We set off in late July from Brisbane, full of anticipation in the latest Apollo (brand new) Trailfinder vehicle. We were particularly excited because it had a much increased fuel capacity which meant we could range even further into the outback than in the past 11 years, when we hired the Adventure Camper. Our aim was to drive across Australia from east to west, keeping to desert tracks where possible.

Trailfinder vehicle

Our first night, following the usual food stocking frenzy, was in the Springbrook National Park, just south of Brisbane. We experienced a spectacular thunderstorm during the night which rattled round the Great Dividing Range. The next morning dawned cool but sunny and we climbed Mount Warning, using the fixed chains to climb the volcanic plug at the top section, to see the next thunderstorm rolling in from the west. We escaped the exposed summit just in time!

Driving over sand dunes

We then headed west over central New South Wales and spent a delightful day walking the Great High Tops in the Warrambungles. The Breadknife and associated volcanic plugs were yet a different aspect of Australian landscape, but we failed to spot the koalas that were supposed to frequent the area. We had a couple of bitterly cold mornings where the temperatures dropped to -4C°, freezing our water and washing up liquid,  and our breakfast slid over the ice on our picnic table.

Cold Breakfast

Heading further west we passed through Broken Hill and at last reached the dirt tracks. We made for the Flinders Ranges where we spent a few days climbing and walking. St Mary Peak was a splendid walk enjoyed in perfect winter sunshine. The geological features visible from the summit were simply amazing.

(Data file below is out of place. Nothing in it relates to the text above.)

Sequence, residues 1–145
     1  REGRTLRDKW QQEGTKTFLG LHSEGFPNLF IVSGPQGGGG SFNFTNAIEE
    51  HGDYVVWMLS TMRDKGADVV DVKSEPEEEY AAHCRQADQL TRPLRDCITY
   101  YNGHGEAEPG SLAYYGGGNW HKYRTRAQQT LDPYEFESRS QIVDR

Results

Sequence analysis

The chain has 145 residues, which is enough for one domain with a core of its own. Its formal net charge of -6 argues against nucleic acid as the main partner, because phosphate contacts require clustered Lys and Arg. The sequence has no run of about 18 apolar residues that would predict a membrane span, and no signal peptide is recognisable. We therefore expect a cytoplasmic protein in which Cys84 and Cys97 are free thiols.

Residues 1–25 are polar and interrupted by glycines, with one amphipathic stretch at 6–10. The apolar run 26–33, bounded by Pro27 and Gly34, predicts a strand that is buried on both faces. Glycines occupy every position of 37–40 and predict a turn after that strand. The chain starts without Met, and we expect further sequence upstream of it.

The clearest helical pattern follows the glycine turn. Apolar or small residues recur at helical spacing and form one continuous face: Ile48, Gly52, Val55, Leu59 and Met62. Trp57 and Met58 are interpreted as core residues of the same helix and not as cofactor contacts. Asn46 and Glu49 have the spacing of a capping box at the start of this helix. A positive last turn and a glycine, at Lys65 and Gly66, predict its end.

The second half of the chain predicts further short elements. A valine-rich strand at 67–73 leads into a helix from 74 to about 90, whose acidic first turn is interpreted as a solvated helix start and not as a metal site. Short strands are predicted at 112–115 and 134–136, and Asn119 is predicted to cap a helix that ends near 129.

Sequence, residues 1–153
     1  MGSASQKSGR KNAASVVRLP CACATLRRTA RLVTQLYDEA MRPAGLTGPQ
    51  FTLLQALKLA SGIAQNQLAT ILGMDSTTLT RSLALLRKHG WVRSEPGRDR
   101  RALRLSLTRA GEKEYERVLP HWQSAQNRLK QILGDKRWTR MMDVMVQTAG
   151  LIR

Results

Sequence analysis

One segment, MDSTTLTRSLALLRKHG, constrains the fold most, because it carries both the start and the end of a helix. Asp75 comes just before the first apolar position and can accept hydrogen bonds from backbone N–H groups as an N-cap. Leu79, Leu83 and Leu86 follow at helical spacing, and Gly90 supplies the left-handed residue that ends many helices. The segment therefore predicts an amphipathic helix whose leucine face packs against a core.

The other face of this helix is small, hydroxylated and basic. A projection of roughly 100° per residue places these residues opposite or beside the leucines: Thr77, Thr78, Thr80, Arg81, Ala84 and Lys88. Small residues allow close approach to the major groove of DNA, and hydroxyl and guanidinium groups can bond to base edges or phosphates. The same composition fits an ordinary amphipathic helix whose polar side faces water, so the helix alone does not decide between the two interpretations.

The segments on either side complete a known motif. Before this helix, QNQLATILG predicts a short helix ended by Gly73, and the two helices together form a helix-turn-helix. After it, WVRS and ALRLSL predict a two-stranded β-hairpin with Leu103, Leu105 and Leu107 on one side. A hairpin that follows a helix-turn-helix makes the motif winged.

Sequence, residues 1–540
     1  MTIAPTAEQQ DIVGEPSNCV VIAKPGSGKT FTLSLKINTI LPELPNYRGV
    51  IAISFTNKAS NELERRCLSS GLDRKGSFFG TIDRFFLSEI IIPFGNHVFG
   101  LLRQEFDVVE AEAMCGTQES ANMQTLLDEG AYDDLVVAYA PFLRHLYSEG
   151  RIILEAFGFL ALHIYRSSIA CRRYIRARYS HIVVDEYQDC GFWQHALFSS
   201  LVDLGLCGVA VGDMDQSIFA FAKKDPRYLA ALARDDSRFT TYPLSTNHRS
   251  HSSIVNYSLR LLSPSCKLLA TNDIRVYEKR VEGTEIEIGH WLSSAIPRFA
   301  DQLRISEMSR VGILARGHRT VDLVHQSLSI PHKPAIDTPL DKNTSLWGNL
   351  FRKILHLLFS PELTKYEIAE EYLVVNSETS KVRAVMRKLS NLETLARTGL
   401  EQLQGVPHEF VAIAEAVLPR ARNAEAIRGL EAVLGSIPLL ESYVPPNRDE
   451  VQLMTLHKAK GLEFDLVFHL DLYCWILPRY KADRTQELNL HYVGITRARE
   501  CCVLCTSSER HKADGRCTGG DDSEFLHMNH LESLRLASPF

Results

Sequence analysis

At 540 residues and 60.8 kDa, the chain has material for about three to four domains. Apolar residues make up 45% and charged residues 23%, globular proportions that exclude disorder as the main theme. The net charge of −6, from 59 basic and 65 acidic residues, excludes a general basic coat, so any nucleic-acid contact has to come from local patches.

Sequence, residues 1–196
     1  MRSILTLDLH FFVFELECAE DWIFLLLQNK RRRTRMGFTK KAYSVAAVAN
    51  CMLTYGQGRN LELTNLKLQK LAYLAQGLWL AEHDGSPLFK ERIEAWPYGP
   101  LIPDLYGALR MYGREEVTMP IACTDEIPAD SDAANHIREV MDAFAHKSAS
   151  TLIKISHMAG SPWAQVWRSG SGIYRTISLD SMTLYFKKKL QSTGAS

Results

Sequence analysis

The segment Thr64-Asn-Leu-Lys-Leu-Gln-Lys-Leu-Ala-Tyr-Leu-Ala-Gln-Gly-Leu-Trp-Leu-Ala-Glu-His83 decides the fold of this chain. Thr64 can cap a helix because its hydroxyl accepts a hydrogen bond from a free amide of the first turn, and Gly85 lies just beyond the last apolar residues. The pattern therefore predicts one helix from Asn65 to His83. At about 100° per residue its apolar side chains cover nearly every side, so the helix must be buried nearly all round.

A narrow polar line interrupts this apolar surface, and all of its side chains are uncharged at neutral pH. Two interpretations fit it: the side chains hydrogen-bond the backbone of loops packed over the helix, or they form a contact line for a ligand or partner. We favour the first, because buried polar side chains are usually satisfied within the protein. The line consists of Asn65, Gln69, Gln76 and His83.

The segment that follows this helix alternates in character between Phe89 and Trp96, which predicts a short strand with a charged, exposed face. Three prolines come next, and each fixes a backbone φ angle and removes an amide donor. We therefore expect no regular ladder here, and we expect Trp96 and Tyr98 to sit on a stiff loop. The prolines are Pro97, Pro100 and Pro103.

We now headed north along the Oodnadatta Track which included views of Lake Eyre still full of water. A pleasant night at Coward Springs, which included a dip in their natural spring spa, was followed by a day of exploring various mound springs in the area.

From Oodnadatta we headed out to Dalhousie Springs which we had visited twice before, but had been unable to venture further into the Simpson due to lack of fuel capacity. It was to fulfil a longstanding ambition to cross the Simpson Desert. Having taken advice from Adam Plate at Oodnadatta Roadhouse, we went for the French Line. We felt quite intimidated at first by its daunting reputation, but soon found the Trailfinder growled its way effortlessly over the 1140 sand dunes. Books reported this route as being tedious because of its direct route over the dunes, but we were utterly bewitched by its charms. Desert rats scampered up our legs at dusk and falcons circled in their dozens as soon as we stepped out of the vehicle. The wildflowers were magnificent and all too soon we reached Big Red for the final climax. (Again Trailfinder didn’t falter) – we were most surprised to see Lake Napperenica just beyond, full of water and birdlife after days of desert. Sadly, we had to leave the desert and we rolled into Birdsville to wash clothes and bodies having washed for a week or two in a couple of inches of water in the bottom of a bucket!

Simpson Desert

We headed west again round the north of the Simpson via the Plenty Highway to stock up again at Alice Springs before driving out into the western deserts, but not before celebrating Paul’s birthday with an ascent of Mount Sonder at the western end of the Western MacDonnells. We then drove out to Haast’s Buff and the Gary Junction Road before turning south along the Sandy Blight Junction Road – so different from the Simpson. Much less frequented and more camels than humans – it had more of a pioneering feel to the trip.

Finally a leg down the Great Central Highway before heading slightly north again to reach Shark Bay at the very western tip of Australia for a delicious couple of days by the turquoise blue sea. It was almost unbelievable to see the sea again after 8500km of desert landscape!


A couple of days driving south to Perth saw us dropping off our precious Trailfinder at the Apollo branch in Perth. As we drove away to the airport to return to the UK I couldn’t help glancing back at our faithful friend, now stood sadly among a row of towering mobile homes. Its adventures, with us at least, were over.

Katharine Horder

September 2012